piece, Ennerdale-dale, Wastdale, and Eskdale, excel all others in the country. So far Green-and kind, courteous, ingenious, and enthusiastic spirit, farewell!
Let us turn now, after no undelightful delay, to Wordsworth. In the second sonnet, he says of the Infant Duddon,
"Child of the clouds! remote from every
Of sordid industry thy lot is cast;
and in the fourth, he speaks, we may
a glistering snake, Silent, and to the gazer's eye untrue, Thridding with sinuous lapse the rushes, through
Dwarf willows gliding, and by ferny brake."
But how beautiful is the lad Duddon
"Sole listener, Duddon! to the breeze that played
Invited, forth they peep'd so fair to view, All kinds alike seem'd favourites of heaven !"
You have seen, we dare say, Stepping-stones across a stream, and have stepped from one to the other lightly ed, without any other thought than or clumsily, as it may have happen that they were useful, and saved you from the necessity of being wet-shod.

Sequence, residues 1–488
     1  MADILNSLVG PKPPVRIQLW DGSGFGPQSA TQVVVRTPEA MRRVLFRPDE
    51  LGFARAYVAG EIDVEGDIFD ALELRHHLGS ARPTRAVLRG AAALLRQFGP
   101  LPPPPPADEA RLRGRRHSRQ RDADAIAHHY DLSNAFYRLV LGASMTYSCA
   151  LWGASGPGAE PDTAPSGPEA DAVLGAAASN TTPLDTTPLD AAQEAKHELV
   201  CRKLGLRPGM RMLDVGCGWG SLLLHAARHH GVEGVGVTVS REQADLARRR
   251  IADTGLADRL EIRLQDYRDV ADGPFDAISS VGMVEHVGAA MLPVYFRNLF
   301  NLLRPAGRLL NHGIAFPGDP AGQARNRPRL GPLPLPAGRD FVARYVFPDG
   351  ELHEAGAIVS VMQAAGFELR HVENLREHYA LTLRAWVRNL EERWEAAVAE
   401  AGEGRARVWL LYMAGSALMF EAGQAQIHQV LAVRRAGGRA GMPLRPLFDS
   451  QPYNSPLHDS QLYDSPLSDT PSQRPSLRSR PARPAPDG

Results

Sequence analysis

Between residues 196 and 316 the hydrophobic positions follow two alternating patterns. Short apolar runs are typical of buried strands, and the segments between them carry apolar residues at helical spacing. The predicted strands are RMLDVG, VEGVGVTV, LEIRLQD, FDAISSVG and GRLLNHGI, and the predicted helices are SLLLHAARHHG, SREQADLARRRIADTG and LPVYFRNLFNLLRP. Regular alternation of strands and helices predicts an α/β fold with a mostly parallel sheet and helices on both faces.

We have heard more blockheads than one ask the meaning of those often quoted lines in Peter Bell
"A primrose by the river's brim, A yellow primrose was to him, And it was nothing more."
Such sumphs cannot conceive how it should be any thing more to any body; nor of Stepping-stones can they form any other opinion as to the excellence, than whether they are sufficiently close, and not shoggly.
But thou! slim-ankled maiden, with pensive face wilt peruse the first, and with sparkling eyes the second of these sonnets, entitled "STEPPINGSTONES,"
"The struggling rill insensibly is grown
For the clear waters to pursue their race
Thinking how fast time runs, life's end how near!"
"Calm abysses pure, Bright liquid mansions, fashioned to en
When the broad oak drops, a leafless ske-
And the solidities of mortal pride,
But the human heart of the poet longs again for human life; and, re-ascending from those sunless chasms, hear how he sings the "Open Prospect."
"Hail to the fields-with Dwellings sprinkled o'er,
Gay June would scorn us; but when bleak winds roar
Laugh with the generous household heartily,
But the Duddon is a strange stream